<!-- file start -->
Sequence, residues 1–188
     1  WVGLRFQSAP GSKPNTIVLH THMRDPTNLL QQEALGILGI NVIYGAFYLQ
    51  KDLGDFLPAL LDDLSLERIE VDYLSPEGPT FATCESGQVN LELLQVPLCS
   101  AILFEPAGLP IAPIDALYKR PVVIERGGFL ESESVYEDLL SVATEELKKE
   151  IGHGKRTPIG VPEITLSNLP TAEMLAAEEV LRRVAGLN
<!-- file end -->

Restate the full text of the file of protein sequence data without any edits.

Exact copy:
Sequence, residues 1–188
     1  WVGLRFQSAP GSKPNTIVLH THMRDPTNLL QQEALGILGI NVIYGAFYLQ
    51  KDLGDFLPAL LDDLSLERIE VDYLSPEGPT FATCESGQVN LELLQVPLCS
   101  AILFEPAGLP IAPIDALYKR PVVIERGGFL ESESVYEDLL SVATEELKKE
   151  IGHGKRTPIG VPEITLSNLP TAEMLAAEEV LRRVAGLN